. . . the British Empire was hardly prone to concede to an Iranian government reclaiming its oil fields, and was all along plotting the overthrow of the impudent premier. Whitehall viewed Mossadegh’s nationalisation as not just an infringement of its prerogatives in Iran but as an act that could potentially endanger all of its considerable overseas assets. Mossadegh had to go, and diplomacy was a mere ruse to achieve that end. In this narrative, London never really sought an accommodation with Tehran, but was merely going through the ritual of diplomacy to ensure a broadbased coalition against an embattled Mossadegh.
It appears, again—that just as in the early 1950s—the P5+1 is now “merely going through the ritual of diplomacy to ensure a broadbased coalition against an embattled” Iranian regime.
There appears to be a striking cognitive dissonance between the pronouncements of the alleged mortal threat posed by Iran’s nuclear program and the foot-dragging approach to doing something about it in negotiations.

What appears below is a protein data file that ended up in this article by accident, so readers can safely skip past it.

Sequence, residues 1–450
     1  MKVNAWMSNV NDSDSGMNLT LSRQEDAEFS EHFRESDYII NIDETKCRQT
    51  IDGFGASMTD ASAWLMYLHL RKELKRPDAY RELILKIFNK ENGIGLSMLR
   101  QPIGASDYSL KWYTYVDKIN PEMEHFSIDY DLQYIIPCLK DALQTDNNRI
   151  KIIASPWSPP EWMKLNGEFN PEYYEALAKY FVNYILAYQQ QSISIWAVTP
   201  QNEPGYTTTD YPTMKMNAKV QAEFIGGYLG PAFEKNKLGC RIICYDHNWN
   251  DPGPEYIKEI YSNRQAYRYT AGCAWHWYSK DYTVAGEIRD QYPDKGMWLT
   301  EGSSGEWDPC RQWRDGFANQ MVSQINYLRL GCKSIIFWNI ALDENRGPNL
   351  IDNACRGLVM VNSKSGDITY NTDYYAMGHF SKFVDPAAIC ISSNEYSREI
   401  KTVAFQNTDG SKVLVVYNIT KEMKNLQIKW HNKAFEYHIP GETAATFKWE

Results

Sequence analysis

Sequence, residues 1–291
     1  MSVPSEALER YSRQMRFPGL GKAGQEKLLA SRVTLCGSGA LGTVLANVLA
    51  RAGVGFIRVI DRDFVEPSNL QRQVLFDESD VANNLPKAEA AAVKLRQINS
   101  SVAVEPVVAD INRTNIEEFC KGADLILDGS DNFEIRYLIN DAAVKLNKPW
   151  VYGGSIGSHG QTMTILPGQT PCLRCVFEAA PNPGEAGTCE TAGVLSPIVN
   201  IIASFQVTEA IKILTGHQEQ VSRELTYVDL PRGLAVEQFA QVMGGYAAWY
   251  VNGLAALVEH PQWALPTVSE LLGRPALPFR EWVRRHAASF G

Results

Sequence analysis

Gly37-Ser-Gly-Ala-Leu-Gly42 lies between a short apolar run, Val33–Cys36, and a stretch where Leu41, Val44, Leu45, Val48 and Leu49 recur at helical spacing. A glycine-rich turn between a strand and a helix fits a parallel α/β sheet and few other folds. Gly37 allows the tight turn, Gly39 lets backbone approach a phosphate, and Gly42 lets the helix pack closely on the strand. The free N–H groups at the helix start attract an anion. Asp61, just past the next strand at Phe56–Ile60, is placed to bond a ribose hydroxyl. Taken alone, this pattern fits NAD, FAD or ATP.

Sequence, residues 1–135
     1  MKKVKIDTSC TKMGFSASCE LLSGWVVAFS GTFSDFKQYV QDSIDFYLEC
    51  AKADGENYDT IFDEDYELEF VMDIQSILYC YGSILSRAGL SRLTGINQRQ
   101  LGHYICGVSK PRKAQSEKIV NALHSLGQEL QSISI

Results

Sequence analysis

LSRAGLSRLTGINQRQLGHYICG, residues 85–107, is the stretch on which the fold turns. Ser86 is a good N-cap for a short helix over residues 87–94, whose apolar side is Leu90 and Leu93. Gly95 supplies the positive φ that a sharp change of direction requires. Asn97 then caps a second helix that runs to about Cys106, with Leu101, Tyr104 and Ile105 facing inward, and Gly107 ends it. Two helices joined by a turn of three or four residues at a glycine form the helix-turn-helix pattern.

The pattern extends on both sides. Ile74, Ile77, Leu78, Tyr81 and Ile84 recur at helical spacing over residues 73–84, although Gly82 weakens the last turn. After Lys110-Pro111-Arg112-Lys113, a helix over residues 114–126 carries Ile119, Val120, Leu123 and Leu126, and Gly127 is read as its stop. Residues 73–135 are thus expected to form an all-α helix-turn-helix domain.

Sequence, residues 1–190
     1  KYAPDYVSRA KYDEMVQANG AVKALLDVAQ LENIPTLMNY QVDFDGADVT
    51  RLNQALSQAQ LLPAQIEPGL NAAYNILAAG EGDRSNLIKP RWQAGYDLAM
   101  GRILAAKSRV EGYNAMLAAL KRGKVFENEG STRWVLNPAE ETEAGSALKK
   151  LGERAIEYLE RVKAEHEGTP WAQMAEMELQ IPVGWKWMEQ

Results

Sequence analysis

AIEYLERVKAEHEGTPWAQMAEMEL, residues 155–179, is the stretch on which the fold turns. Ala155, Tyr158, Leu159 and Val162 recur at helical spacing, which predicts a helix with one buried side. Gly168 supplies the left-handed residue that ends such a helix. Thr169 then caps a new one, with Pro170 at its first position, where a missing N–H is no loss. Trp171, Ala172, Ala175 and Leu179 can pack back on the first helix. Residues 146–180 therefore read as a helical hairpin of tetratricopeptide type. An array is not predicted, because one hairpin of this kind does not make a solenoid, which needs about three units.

A sign of successful negotiations is the no one gets everything they wanted—concessions have to be made by both sides. If the P5+1 leaders really are as worried about Iran’s nuclear program as they claim to be, then they need to show it by making serious concessions. If they don't want to give up a few sanctions to obtain Iranian cooperation on this important issue, the inexorable conclusion is that they are not truly concerned about Iran stockpiling more 20 percent uranium, and that the sanctions are probably in place in some vain hope of regime change via collective punishment.
The P5+1 can show their true concern over Iran's nuclear program on February 26 in Kazakhstan by being serious and putting some serious sanctions relief on the table to rein it in.
Yousaf Butt, a nuclear physicist, is professor and scientist-in-residence at the James Martin Center for Nonproliferation Studies at the Monterey Institute of International Studies. The views expressed are his own.